What is “over datafication” in marketing?
Datafication refers to the collective tools, technologies, and processes used to transform an organization into a data-driven enterprise. After converting processes to data, they can be tracked, monitored, and optimized. Even if data isn’t used, businesses can still acquire large amounts of data, store it, and then decide later on how they will utilize it.
According to Key LimeInteractive, new technologies have enabled lots of new ways to “datify” our normal activities:
- GPS devices on smartphones, such as Google maps, are able to track where we are at certain times of the day
- Going for a jog/walk – one can monitor distance, speed, pulse, heart rate, number of steps
- Sleep schedule – quality of sleep, duration, number of sleep interruptions during the night
- Shopping – how much food to purchase, finding lowest prices, monitoring quantities consumed in a household
- New smart technologies are making it easier to truly get to know our customers and allow us to make better marketing decisions.
We also believe that we need to pay attention to the fact that is a great difference between datafication and digitalization. The Impact of Datafication on Strategic Landscapes – a report published in April, 2014 by Ericsson in collaboration with the Imperial College Business School and the UK’s Sustainable Society Network explains the differences and interrelationship between datafication and digitalization. As Irving Wladawsky-Berger points out on his blog here , there are four important areas where data science is already having an impact: datafying personal behaviors, datafying business processes, datafying cities and datafying private lives.
But what happens when it comes to over datafication? According to the info offered by MarchTech forum, more and more companies are entering the Big Data into their global and corporate strategy, the big data companies registering an annual growth of up to 12 % by 2020,while in 2016 the volume of the market being over 150 million dollars.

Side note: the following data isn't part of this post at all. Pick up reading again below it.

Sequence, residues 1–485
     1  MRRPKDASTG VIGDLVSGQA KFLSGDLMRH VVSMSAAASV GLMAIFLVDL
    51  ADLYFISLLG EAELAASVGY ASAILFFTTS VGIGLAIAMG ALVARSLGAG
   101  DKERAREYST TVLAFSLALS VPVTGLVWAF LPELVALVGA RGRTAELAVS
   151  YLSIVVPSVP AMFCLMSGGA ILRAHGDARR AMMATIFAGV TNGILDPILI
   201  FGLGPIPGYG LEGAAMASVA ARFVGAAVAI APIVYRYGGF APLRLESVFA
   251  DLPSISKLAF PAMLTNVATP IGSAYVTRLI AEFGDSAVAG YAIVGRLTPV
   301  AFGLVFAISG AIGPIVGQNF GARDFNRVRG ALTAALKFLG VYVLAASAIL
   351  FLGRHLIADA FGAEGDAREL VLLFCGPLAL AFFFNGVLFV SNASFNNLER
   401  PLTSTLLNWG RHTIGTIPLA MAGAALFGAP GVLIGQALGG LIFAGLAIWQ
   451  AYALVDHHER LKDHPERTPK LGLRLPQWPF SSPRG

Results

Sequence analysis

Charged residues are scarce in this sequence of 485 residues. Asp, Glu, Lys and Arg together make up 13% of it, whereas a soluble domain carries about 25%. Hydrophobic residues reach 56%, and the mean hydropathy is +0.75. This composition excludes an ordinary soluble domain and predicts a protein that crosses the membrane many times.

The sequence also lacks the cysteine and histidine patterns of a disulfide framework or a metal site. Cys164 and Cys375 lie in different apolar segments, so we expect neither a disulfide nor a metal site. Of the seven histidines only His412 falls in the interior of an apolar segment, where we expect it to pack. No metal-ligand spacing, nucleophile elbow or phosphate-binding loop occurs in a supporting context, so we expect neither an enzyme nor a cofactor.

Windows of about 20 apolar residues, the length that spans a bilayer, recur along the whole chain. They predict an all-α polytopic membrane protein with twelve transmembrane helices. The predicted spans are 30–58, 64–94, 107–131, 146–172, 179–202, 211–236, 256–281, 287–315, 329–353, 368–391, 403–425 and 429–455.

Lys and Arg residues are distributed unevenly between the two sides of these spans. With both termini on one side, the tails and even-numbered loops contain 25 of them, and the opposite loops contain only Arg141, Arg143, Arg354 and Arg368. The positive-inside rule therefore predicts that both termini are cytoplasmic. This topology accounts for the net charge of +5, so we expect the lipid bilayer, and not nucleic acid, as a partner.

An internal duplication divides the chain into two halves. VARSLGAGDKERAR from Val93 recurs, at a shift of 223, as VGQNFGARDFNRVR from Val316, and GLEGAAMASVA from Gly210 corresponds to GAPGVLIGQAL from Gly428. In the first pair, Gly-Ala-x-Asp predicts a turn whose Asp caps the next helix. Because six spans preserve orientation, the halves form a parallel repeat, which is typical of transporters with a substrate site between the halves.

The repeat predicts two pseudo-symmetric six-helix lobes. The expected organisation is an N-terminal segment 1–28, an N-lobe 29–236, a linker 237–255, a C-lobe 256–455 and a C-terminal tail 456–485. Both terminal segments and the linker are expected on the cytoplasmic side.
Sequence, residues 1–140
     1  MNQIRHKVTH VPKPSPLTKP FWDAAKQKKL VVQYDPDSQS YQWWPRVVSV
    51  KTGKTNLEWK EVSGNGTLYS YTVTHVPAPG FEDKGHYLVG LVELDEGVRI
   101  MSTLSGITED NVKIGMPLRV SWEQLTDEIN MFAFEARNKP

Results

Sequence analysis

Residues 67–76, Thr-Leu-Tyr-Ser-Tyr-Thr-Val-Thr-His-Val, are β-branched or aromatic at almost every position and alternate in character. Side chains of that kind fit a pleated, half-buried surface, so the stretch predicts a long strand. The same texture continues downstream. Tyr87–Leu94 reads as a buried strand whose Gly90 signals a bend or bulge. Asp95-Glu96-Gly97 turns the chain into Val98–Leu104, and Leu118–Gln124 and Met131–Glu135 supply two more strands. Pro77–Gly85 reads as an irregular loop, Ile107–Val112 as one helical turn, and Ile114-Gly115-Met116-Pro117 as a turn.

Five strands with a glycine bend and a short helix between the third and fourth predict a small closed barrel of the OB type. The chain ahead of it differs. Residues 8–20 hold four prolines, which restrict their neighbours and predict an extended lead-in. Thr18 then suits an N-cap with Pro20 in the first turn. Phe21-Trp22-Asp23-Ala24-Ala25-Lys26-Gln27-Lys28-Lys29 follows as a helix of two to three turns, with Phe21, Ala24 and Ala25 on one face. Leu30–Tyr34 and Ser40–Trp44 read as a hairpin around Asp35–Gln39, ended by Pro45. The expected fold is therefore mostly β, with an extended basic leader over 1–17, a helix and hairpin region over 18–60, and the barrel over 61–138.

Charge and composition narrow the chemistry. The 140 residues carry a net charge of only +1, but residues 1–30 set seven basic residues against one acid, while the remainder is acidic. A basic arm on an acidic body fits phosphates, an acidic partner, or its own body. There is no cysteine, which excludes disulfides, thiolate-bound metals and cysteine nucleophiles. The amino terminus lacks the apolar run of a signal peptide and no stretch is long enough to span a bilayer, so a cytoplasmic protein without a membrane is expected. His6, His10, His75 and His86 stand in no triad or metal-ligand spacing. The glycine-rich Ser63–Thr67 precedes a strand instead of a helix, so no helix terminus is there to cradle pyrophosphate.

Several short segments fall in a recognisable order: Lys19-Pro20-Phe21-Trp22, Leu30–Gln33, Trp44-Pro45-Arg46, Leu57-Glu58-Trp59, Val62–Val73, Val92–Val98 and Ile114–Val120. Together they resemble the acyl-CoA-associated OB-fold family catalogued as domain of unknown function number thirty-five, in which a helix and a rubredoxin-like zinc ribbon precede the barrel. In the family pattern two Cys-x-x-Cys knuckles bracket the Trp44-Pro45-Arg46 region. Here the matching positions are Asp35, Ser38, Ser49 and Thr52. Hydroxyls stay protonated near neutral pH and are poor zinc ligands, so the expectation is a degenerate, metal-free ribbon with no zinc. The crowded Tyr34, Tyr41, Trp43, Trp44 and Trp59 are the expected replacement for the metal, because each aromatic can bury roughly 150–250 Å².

With this growth come also the problems, as the Spanish Zenith Media’s blog points out. The over datafication brings with itself a data dependency of many analysis business sectors. Still according to Zenith, an excessive subordination to Big Data can cause the slowing down of the company’s natural processes, determining the marketing representatives to only look at the data and being unable to date a decision if they are not supported by it. This could only lead to a tendency of sacrificing the creativity and the originality.
Moreover, the data dependency would generate a lower risk-taking rate trend, that, on a long term, could put in peril some of the most important marketing functions and its interactivity with the users.
In other words, the over datafication would represent exactly what creative people were afraid of when it came to research companies and using research in their day-to-day creative processes: less innovative campaigns, but easily measured; data used wrong; the change of the strategy over-night in case of lack of results or poor ones,etc.
But in the end, it all comes down to measure and attention. Finding the balance is the key to success. “The speed of change means that marketers need to have confidence in the strategy not to panic if the data shows they have had a bad week, as the next week could be great,” writes Marketing Week.
The secret to winning a Cannes Lion
No matter the changes that the advertising world saw in the last years, Cannes Lions remains the most important festival of the industry and its awards the most wanted and desired. Therefore, it’s only natural for all the agencies and marketers to be curious to know the secret of winning one. So what are the ingredients that turn your campaigns or executions into possible winning ones? The important, big awards are given to disruptive, irreverent, totally different pieces of work that are known and loved at an international level.